7 Positive Nonverbal Communication Habits

7 Positive Nonverbal Communication Habits

7 Positive Nonverbal Communication Habits 1920 1080 The Conscious Professional

“93/7 Rule: 93% of communication occurs through nonverbal behavior & tone; only 7% of communication takes place through the use of words.” – John Stoker

Words and content are extremely important in the workplace. In any place. Especially in sensitive or high steaks situations, the words we choose to use have a great impact on progressions and outcomes. However, even the most mindfully chosen phrases and terms can be rendered totally ineffective if we are not also mindful of the signals we give off with the rest of our bodies.

The tone we use. The way we stand, talk and sit. The way we dress. The way we express focus and respect. These are all things that, when consciously and mindfully addressed, can completely transform the effectiveness of your communication at work.

So, if you are looking to improve your workplace interactions and the effectiveness of your general approach, you would do well to have these nonverbal elements in your arsenal.

1. How We Look

The way we dress and choose to present ourselves absolutely has an impact. We are much more likely to take a person seriously when they look neat, clean, and as though they have made clear choices about how they wish to appear. I don’t know about you, but if somebody came to a meeting with their shirt unaproned, in I’ll fitting and un-deliberate clothing, or with messy hair, it would have an impact on how seriously I took them. Dressing consciously also conveys confidence and competence.

2. Eye Contact

Eye contact is so important. It lets a speaker know that you are taking in everything that they are saying and that you respect their right to speak. It also helps to keep a conversation flowing and engaging… as soon as your eye contact wonders, the interaction is in danger of becoming much more clunky.

3. Listening and Focus

Following on from eye contact, it is very important that you demonstrate that you are focused and listening. Even if your interest is weighing, if you suddenly wander off in your head and end up staring into the middle distance, this hurts any rapport you are trying to build by demonstrating that you are not giving the speaker the focus you would wish to receive from them. Also, put all screens and notebooks to one side… there is nothing more off-putting than trying to communicate with somebody who is distracted, or indeed more interested by their screen.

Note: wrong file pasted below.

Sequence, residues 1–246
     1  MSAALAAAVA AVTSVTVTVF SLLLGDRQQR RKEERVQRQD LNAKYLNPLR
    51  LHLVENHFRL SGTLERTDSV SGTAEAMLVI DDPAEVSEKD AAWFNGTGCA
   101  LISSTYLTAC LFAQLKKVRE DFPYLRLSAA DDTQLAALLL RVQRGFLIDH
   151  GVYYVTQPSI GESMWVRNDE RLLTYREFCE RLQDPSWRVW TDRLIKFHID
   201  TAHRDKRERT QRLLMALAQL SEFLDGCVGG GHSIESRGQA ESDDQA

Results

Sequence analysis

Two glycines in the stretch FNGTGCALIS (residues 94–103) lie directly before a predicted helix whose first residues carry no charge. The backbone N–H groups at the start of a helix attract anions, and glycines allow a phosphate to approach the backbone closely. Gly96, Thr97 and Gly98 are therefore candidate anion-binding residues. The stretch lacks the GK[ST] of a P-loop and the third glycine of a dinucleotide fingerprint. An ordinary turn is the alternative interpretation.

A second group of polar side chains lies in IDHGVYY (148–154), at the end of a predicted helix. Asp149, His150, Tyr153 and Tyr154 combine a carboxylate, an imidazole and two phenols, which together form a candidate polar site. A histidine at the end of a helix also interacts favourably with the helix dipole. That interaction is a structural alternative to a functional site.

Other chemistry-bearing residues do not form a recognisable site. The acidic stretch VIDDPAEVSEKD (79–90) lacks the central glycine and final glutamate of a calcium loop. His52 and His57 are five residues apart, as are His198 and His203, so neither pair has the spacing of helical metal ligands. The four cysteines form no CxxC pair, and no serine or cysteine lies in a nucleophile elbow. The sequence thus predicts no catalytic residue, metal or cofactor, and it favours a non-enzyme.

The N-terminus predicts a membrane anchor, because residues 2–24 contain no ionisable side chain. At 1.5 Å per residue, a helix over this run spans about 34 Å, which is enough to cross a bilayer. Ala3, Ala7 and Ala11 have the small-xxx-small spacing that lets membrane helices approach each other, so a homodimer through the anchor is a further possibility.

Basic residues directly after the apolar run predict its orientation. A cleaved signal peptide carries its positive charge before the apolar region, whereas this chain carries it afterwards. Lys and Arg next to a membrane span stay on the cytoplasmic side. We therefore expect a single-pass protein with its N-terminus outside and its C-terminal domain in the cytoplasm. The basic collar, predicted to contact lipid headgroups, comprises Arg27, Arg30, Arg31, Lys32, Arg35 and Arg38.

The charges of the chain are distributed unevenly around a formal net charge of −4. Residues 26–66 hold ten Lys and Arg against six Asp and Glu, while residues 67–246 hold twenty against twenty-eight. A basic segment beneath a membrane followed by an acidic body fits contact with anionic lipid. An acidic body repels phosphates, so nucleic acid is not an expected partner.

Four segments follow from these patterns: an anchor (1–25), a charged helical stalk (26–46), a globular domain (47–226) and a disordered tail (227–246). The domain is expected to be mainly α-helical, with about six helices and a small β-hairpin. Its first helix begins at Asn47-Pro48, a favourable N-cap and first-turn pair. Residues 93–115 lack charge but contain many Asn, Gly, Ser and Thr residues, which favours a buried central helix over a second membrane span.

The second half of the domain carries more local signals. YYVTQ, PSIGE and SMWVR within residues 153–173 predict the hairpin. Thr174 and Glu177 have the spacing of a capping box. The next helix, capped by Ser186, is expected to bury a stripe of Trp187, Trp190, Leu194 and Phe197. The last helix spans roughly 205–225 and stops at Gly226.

4. Vocal Tone

Yes. I know. ‘Vocal tone’ veers heavily into verbal communication. However, the tone you use has nothing to do with the verbal content. The way you speak is something worth focusing on. One piece of text can be delivered in many different ways to convey respect, confidence, pity, happiness, sadness, anger… the list goes on. Ensure that your tone is in keeping with the effect you intend to have.

5. Hand Gestures

There has been a lot of research into the way we use our hands to communicate. Famously, for example, Tony Blair was the politician responsible for first using the ‘pointing with the thumb’ gesture that many politicians now use, as it is considered less aggressive than pointing with a forefinger. Ensure that you do not over or under-use your hands, as either is quite off-putting. Also, try and make your hand gestures fluid and relaxed, which helps to convey confidence and put other people in the room at ease.

6. Vocal and Physical Relaxation

In fact, in general, vocal and physical relaxation is something to be mindful of. Not only does this, as described above, convey confidence, but it should also help you to actually feel relaxed, even if you are not. If you are feeling anxious or panicky about an oncoming interaction, try to take a moment to focus on your breath and release some tension. Your whole self is a nonverbal beacon, and tension can emanate from the body like the sun (just as confidence can, by the way)! Try not to bring it into a situation if at all possible!

By Chris Thomson


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